Poetry Guide: Habbie Stanza
The habbie stanza (or hobbie stanza) is a popular stanza among Scottish poets.
The first notable poem written in this stanza was the "Lament for Habbie Simpson" by Robert Sempill of Beltrees. The stanza was used frequently by major 18th century Lowland Scots poets such as Robert Fergusson and Robert Burns, and has also been used by subsequent poets. Major poems in the stanza include Burns's To a Louse, Address to the Deil and Death and Doctor Hornbook. The stanza is six lines long and rhymes aaabab, with tetrameter a lines and dimeter b lines. The second b line may or may not be repeated.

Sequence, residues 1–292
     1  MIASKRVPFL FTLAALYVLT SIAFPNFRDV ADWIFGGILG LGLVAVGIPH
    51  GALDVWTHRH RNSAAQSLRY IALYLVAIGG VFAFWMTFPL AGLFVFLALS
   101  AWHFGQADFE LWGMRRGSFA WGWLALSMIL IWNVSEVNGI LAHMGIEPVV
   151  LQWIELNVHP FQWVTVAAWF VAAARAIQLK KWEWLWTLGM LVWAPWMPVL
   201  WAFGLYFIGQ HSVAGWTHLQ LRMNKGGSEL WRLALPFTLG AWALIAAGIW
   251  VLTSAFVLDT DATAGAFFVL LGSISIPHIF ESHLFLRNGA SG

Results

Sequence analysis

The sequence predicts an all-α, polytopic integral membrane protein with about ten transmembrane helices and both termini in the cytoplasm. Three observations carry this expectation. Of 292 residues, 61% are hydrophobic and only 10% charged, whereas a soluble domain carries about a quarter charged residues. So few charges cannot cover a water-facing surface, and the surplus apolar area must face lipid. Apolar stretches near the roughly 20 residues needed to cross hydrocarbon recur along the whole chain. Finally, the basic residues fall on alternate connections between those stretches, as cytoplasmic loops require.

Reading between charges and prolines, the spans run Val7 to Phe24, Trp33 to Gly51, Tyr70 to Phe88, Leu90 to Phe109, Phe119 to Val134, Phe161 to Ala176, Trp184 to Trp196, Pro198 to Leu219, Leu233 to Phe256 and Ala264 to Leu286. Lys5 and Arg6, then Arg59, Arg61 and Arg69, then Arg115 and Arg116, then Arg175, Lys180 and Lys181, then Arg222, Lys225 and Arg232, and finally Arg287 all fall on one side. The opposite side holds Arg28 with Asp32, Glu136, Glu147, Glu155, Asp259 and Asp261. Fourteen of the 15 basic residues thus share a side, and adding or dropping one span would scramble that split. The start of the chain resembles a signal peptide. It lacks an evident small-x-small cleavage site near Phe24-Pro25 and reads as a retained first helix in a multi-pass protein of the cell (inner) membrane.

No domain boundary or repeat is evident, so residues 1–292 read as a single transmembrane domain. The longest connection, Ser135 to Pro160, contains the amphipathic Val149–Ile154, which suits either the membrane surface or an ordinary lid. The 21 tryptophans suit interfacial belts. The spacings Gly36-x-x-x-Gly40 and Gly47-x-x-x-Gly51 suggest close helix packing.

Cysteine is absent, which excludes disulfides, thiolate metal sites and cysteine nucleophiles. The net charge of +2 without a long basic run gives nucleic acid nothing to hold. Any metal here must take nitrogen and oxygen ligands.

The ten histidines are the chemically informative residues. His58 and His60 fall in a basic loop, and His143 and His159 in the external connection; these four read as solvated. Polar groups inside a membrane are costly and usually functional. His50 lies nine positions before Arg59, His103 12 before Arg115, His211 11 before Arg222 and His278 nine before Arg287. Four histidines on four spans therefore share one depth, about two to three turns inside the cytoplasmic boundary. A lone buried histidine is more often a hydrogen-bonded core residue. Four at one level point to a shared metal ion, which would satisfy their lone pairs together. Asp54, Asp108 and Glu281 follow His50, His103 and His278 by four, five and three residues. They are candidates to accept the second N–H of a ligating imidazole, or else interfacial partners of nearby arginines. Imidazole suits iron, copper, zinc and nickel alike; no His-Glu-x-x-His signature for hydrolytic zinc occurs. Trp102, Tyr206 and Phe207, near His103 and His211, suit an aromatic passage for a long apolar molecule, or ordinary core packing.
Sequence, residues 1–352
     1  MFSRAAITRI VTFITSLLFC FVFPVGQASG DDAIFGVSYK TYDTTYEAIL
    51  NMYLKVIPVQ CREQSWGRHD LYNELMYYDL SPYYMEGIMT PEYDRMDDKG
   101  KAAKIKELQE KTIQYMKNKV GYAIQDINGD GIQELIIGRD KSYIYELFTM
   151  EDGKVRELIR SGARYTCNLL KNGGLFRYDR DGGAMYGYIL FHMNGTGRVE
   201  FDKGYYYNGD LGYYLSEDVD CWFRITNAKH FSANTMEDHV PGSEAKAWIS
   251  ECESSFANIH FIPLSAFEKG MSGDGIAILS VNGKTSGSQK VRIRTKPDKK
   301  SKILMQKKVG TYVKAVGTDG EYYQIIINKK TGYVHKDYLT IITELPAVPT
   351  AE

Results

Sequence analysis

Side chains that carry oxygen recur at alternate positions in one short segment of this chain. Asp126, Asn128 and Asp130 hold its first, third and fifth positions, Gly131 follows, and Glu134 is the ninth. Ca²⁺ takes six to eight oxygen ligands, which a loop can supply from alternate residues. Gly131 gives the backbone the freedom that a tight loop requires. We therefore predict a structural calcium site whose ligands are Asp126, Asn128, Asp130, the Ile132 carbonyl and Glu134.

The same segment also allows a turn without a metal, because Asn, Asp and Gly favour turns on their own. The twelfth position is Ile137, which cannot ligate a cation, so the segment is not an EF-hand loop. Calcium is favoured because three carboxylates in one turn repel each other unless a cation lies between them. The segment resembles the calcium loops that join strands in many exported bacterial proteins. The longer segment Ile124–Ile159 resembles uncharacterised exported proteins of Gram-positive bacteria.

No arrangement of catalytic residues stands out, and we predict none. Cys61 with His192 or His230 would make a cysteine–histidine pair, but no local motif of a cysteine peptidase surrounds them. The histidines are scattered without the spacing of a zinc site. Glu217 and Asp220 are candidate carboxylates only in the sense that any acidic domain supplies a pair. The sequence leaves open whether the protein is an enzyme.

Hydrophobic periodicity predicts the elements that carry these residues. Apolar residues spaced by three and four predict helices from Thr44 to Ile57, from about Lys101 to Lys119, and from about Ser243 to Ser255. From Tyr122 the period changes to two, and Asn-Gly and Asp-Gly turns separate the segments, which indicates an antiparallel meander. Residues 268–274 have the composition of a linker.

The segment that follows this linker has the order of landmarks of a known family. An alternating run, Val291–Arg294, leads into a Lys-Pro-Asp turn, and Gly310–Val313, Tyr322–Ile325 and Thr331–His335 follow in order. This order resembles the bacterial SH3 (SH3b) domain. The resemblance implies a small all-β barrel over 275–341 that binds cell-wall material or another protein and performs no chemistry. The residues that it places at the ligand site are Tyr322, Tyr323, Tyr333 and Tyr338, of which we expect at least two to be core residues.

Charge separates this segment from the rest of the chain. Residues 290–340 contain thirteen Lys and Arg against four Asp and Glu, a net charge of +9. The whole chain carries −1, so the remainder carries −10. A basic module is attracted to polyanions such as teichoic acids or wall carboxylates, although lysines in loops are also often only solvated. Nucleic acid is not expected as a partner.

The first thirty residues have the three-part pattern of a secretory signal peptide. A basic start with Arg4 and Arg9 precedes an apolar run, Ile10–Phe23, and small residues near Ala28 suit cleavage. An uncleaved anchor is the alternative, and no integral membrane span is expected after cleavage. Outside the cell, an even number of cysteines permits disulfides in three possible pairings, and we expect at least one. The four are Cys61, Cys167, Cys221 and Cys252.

Although the "Lament for Habbie" itself is strictly lyrical, subsequent uses have tended to be comic and satirical. The stanza is naturally suited to comic rhymes, as the quoted passage from Burns shows:
- O THOU! whatever title suit thee—
- Auld Hornie, Satan, Nick, or Clootie,
- Wha in yon cavern grim an' sootie,
- Clos'd under hatches,
- Spairges about the brunstane cootie,
- To scaud poor wretches!
- Hear me, auld Hangie, for a wee,
- An' let poor damned bodies be;
- I'm sure sma' pleasure it can gie,
- Ev'n to a deil,
- To skelp an' scaud poor dogs like me,
- An' hear us squeel!
- --"Address to the Deil"
Poetry Kaleidoscope: Guide to Poetry made by MultiMedia Free content and software
This guide is licensed under the GNU Free Documentation License. It uses material from Wikipedia.